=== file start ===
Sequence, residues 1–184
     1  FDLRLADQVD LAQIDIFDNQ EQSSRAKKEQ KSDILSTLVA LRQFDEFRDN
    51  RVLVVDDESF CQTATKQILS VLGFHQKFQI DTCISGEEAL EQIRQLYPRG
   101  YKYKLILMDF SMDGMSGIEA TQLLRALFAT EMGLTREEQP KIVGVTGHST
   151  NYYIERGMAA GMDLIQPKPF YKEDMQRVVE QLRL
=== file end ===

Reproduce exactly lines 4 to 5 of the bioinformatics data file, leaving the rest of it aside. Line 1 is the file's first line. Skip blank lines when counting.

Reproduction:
   101  YKYKLILMDF SMDGMSGIEA TQLLRALFAT EMGLTREEQP KIVGVTGHST
   151  NYYIERGMAA GMDLIQPKPF YKEDMQRVVE QLRL